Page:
MacLaren AP, Chapman RS, Wyllie AH, Watson CJ. p53-dependent apoptosis induced by proteasome inhibition in mammary epithelial cells. Cell Death Differ. 2001;8(3):210–8.CrossRefPubMedGoogle Scholar
  22. 22.
    Lanni JS, Lowe SW, Licitra EJ, Liu JO, Jacks T. p53-independent apoptosis induced by paclitaxel through an indirect mechanism. Proc Natl Acad Sci USA. 1997;94(18):9679–83.CrossRefPubMedPubMedCentralGoogle Scholar
  23. 23.
    McNamee LM, Brodsky MH. p53-ındependent apoptosis limits DNA damage-ınduced aneuploidy. Genetics. 2009;182(2):423–35.CrossRefPubMedPubMedCentralGoogle Scholar
  24. 24.
    Pandit B, Gartel AL. Proteasome inhibitors induce p53-independent apoptosis in human cancer cells. Am J Pathol. 2011;178(1):355–60.CrossRefPubMedPubMedCentralGoogle Scholar
  25. 25.
    An WG, Hwang SG, Trepel JB, Blagosklonny MV. Protease inhibitor-induced apoptosis: accumulation of wt p53, p21WAF1/CIP1, and induction of apoptosis are independent markers of proteasome inhibition. Leukemia. 2000;14(7):1276–83.CrossRefPubMedGoogle Scholar
  26. 26.
    Perez-Galan P, Roue G, Villamor N, Montserrat E, Campo E, Colomer D. The proteasome inhibitor bortezomib induces apoptosis in mantle-cell lymphoma through generation of ROS and Noxa activation independent of p53 status. Blood. 2006;107(1):257–64.CrossRefPubMedGoogle Scholar
  27. 27.
    Ri M, Iida S, Ishida T, Ito A, Yano H, Inagaki A, et al. Bortezomib-induced apoptosis in mature T-cell lymphoma cells partially depends on upregulation of Noxa and functional repression of Mcl-1. Cancer Sci. 2009;100(2):341–8.CrossRefPubMedGoogle Scholar
  28. 28.
    Rizzatti EG, Mora-Jensen H, Weniger MA, Gibellini F, Lee E, Daibata M, et al. Noxa mediates bortezomib induced apoptosis in both sensitive and intrinsically resistant mantle cell lymphoma cells and this effect is independent of constitutive activity of the AKT and NF-kappaB pathways. Leuk Lymphoma. 2008;49(4):798–808.CrossRefPubMedGoogle Scholar
  29. 29.
    Poulaki V, Mitsiades CS, Kotoula V, Negri J, McMillin D, Miller JW, et al. The proteasome inhibitor bortezomib induces apoptosis in human retinoblastoma cell lines in vitro. Invest Ophthalmol Vis Sci. 2007;48(10):4706–19.CrossRefPubMedGoogle Scholar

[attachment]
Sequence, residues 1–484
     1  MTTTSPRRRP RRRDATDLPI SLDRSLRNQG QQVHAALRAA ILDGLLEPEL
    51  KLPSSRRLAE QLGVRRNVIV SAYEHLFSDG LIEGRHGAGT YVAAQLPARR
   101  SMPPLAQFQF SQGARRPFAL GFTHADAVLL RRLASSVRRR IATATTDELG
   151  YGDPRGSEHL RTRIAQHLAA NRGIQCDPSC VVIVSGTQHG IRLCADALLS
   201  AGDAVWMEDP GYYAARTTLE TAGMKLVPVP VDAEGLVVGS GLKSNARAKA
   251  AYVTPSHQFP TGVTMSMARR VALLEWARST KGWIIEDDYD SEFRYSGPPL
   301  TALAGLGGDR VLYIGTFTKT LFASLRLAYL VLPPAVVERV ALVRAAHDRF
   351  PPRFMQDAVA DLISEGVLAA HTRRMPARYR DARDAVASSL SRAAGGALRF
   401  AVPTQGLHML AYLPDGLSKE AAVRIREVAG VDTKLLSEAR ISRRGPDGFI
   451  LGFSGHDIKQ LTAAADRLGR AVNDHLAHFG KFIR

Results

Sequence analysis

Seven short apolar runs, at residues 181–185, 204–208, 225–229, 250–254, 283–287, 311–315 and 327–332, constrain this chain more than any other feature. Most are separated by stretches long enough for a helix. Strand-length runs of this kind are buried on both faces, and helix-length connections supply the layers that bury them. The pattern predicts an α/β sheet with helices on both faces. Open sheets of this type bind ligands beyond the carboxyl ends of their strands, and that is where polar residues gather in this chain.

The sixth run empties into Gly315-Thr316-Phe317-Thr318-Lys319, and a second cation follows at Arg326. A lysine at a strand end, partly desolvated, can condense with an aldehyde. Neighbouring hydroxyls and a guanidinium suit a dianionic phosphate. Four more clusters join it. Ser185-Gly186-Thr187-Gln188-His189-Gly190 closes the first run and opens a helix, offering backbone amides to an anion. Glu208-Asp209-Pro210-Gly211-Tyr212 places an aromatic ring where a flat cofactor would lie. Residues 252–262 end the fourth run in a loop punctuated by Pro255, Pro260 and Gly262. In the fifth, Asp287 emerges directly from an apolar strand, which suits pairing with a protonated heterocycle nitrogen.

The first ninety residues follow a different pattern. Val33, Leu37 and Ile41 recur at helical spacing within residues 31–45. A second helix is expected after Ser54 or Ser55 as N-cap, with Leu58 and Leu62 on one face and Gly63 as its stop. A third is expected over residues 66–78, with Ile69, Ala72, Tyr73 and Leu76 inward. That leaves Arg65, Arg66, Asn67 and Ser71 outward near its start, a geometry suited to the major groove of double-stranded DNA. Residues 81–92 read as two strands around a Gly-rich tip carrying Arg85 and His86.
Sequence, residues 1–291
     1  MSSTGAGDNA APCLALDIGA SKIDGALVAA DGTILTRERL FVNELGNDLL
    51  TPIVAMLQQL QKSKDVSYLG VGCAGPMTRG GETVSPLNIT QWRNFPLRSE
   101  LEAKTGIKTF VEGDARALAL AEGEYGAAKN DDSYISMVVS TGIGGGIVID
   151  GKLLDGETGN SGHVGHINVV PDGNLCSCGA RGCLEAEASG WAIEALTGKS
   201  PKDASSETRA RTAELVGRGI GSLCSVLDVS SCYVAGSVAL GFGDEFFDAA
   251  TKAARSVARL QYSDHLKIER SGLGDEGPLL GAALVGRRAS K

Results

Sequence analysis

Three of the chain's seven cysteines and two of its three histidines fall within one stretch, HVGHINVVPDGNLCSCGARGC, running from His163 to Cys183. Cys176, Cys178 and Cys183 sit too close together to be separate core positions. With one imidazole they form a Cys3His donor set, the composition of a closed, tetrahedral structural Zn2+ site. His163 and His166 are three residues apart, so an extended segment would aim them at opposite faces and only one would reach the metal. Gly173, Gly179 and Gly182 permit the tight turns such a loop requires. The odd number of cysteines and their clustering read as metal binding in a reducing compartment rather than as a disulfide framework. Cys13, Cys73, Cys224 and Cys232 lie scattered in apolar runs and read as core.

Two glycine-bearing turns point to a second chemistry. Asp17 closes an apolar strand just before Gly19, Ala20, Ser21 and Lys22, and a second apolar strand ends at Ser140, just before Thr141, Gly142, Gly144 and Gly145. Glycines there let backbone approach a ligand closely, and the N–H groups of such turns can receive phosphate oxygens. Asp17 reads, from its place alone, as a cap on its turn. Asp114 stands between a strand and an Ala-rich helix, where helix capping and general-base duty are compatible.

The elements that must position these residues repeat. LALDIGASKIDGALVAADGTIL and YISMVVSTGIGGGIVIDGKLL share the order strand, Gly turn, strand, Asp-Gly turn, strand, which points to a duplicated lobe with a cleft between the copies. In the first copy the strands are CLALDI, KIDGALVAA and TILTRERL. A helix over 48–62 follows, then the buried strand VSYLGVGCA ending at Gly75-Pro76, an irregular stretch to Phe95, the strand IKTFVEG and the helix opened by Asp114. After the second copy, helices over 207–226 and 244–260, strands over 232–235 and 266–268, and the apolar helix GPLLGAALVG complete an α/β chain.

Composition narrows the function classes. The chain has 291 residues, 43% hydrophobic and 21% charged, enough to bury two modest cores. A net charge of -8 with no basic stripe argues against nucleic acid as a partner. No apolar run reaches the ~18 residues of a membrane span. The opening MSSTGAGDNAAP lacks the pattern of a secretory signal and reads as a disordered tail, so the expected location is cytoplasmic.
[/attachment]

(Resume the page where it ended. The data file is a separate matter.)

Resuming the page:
30. 30.
    Yu J, Zhang L. PUMA, a potent killer with or without p53. Oncogene 2008; S71–83.Google Scholar
  31. 31.
    Combaret V, Boyault S, Iacono I, Brejon S, Rousseau R, Puisieux A. Effect of bortezomib on human neuroblastoma: analysis of molecular mechanisms involved in cytotoxicity. Mol Cancer. 2008;7:50.CrossRefPubMedPubMedCentralGoogle Scholar
  32. 32.
    Nencioni A, Hua F, Dillon CP, Yokoo R, Scheiermann C, Cardone MH, et al. Evidence for a protective role of Mcl-1 in proteasome inhibitor-induced apoptosis. Blood. 2005;105(8):3255–62.CrossRefPubMedGoogle Scholar
  33. 33.
    Awasthi N, Wagner BJ. Upregulation of heat shock protein expression by proteasome inhibition: an antiapoptotic mechanism in the lens. Invest Ophthalmol Vis Sci. 2005;46(6):2082–91.CrossRefPubMedGoogle Scholar
  34. 34.
    Bruey JM, Ducasse C, Bonniaud P, Ravagnan L, Susin SA, Diaz-Latoud C, et al. Hsp27 negatively regulates cell death by interacting with cytochrome c. Nat Cell Biol. 2000;2(9):645–52.CrossRefPubMedGoogle Scholar

Copyright information

© International Society of Oncology and BioMarkers (ISOBM) 2012

Authors and Affiliations

  1. 1.Art and Science Faculty, Department of BiologyDumlupınar UniversityKütahyaTurkey
  2. 2.Faculty of Medicine, Department of Medicinal BiochemistryUludağ UniversityBursaTurkey

Personalised recommendations